All GoodReads alternatives,
updated for 2021
Books
Why even consider alternatives?

Goodreads is an arm of its parent company's marketing department.

If you're cool with that, no worries. You can stop reading this.
How do I move?

Emigrating from Goodreads to a new book service takes 3 steps:
1)
Pick a new book service.
2)
Get your books out of goodreads, and safely into the new place.
3)
Tell your friends you switched.


It's not as easy as pushing a button. But really, what is?

Take inspiration from your tenacious ancestors back in the old hard times. Think of their shrewdness and grit.

We're just switching websites here. Not fighting for suffrage or battling corrupt sherrifs or anything.
1)
Pick a new book service.
So many alternatives!

Rated with stars, just like you'd rate a book.

But each star here means something specific:
Can you easily get books in?
Can you easily get books out?
Can you organize your books?
Does it tell you when your friends add a book, or finish one?
Is there a phone app?

A green-glowing star signifies a really standout feature.

Riffle
(no stars)
rifflebooks.com

Can you easily get books in?
Nope. There's an import feature, but it appears to be broken. There was no response to my please-help email.

The import feature is tricky to to locate (Settings -> Goodreads History Import).

Riffle import accepts a GoodReads .csv file. The import runs in the background, and you get an email when it completes.

It says "the books will start to appear momentarily, though the import can take up to 24 hours."

After 5 minutes, no books had appeared. I tried the .csv upload again, and it restarted (I think.) I wondered if this would create duplicates.
Can you easily get books out?
Unknown.

Without an import, it's hard to evaluate this.
Can you organize your books?
Unknown.

Without an import, it's hard to evaluate this.
Does it tell you when your friends add a book, or finish one?
Unknown
Is there a phone app?
Nope.
 
Riffle General impressions
Riffle doesn't meet the functionality bar to be a replacement for GoodReads. If they fix the import issue, I'll re-evaluate.

ItalicType
(no stars)
italictype.com

Can you easily get books in?
No. There is no goodreads import function.
Can you easily get books out?
No.

There is no data-export function.
Can you organize your books?
No.

You can't search within your list of books (called a queue in ItalicType). Nor can you group books.
Does it tell you when your friends add a book, or finish one?
Unknown
Is there a phone app?
There is no phone app.
 
ItalicType General impressions
ItalicType is extremely bare-bones. It's been around since early 2019. The look & feel of the site is nice.

BookSloth
BookSloth.com

Can you easily get books in?
No you can't. There's no bulk import.

You are limited to adding books one by one from BookSloth's crappy search.
Can you easily get books out?
Nope. Not at all.
Can you organize your books?
Kind of. You can put books in one of 5 categories.

There is no facility to group, tag, or in any other way catalog your books.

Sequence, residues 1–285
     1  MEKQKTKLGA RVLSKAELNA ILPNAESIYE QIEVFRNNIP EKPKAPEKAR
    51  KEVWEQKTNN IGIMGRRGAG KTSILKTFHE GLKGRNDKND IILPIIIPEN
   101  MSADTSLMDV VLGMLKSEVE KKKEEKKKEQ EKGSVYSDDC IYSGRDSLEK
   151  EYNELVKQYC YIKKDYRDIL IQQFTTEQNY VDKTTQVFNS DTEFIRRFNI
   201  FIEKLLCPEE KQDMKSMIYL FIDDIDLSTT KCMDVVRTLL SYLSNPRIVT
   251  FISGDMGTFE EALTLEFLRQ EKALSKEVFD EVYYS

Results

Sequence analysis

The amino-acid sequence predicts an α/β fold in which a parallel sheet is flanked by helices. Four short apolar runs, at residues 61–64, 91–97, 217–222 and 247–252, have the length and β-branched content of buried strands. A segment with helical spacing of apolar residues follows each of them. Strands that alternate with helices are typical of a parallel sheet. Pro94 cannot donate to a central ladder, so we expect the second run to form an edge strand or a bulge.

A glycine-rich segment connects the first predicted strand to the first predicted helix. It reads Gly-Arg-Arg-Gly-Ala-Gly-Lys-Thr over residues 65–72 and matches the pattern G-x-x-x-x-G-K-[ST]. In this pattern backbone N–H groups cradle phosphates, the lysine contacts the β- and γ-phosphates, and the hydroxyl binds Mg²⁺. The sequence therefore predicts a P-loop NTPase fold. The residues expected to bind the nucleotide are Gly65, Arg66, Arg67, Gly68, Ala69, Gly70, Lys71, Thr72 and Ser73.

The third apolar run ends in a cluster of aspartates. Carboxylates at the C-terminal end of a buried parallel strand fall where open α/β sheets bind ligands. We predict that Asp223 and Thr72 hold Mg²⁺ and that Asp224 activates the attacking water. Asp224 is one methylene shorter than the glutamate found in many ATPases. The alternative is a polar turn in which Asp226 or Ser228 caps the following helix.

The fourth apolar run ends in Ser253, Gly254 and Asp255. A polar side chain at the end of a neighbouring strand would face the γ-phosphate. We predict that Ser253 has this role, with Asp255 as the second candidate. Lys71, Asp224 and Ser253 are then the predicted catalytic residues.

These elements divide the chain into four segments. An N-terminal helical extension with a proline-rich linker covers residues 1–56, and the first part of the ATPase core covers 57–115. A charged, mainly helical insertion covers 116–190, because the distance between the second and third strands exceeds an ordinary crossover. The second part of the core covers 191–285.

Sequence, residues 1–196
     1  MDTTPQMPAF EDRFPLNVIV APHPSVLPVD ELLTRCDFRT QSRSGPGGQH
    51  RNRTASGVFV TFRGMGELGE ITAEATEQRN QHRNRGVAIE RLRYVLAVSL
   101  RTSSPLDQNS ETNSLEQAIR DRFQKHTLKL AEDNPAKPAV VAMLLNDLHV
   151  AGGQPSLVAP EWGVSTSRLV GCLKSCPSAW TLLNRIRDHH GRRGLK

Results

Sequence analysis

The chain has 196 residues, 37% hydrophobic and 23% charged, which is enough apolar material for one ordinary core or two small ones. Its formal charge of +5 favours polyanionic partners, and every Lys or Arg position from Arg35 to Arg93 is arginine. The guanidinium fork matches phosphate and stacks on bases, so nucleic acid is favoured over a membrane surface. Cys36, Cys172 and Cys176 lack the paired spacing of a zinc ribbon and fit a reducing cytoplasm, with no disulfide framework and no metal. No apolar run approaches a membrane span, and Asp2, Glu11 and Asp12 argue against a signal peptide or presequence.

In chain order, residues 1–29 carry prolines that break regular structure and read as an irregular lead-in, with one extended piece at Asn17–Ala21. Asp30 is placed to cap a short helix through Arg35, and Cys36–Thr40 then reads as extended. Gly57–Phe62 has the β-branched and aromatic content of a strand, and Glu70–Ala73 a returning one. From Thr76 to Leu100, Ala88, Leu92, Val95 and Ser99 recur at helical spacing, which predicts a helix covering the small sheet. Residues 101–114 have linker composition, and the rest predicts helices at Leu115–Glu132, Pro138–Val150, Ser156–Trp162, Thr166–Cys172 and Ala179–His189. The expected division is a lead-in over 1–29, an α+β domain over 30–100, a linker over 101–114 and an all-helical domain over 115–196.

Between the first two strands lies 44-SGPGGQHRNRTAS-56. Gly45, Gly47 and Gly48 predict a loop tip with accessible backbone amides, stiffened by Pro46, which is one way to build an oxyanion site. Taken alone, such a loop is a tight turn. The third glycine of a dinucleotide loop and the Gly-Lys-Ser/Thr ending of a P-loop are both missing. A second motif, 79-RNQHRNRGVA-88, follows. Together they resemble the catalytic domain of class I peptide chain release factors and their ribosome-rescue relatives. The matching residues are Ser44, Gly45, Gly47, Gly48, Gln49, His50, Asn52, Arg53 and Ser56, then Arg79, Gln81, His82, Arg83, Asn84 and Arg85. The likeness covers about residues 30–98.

You cannot search within your books.

I'm not even giving a half star for an app that doesn't even list your books.
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Does it tell you when your friends add a book, or finish one?
Presumably, yes.
Is there a phone app?
Yes! BookSloth is only an app. There's no website interface.
 
BookSloth General impressions
Avoid BookSloth.

Did I mention the search was crappy? It's beyond crappy.
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I'm guessing the business model is to charge publishers for prominent placement on BookSloth's browse pages. The digital equivalent of endcap placement at a bookstore.

Readng
readng.co

Can you easily get books in?
Readng imports DIRECTLY from goodreads. No .csv file needed!

This takes a few minutes, and runs while you wait. You don't get to know when it's done. You can reload the page to see your book totals steadily increase.

It imported 292 out of my 308 want-to-read books from GR

It imported 330 out of my 351 already-read books from GR

Which ones were left behind? I don't get to know.
Can you easily get books out?
Nope. There is no data export.
And that's why I'll never know which books failed to import.
Can you organize your books?
There's no screen that lists all your books.

You can create collections and add books to them.

You cannot search within your books.
Does it tell you when your friends add a book, or finish one?
Yes. Notifications appear in your feed. You don't get an email though.
Is there a phone app?
There is not.
 
Readng General impressions
Readng has solid potential. It has decent search.

To be decently feature-compatible with GR, it needs a straightforward list of all books. And data export.

Readng is new and in beta. Expect this review to change in the future.

Bookhype
bookhype.com

Can you easily get books in?
Yes!. The goodreads-import feature is phenomenal. Even better than Bookdigits' import.

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My list of 659 books took 4 seconds to import.

It didn't import 21 books. But these are presented in a list, with options to manually match them. No other import offers this convenience.

Not only that, but import data is preserved. I can go back and match those 21 not-found books any time I want.
Can you easily get books out?
Nope.

Unfortunately, there is no .csv export.
Can you organize your books?
Yes. The "My Books" screen is exactly what you'd expect.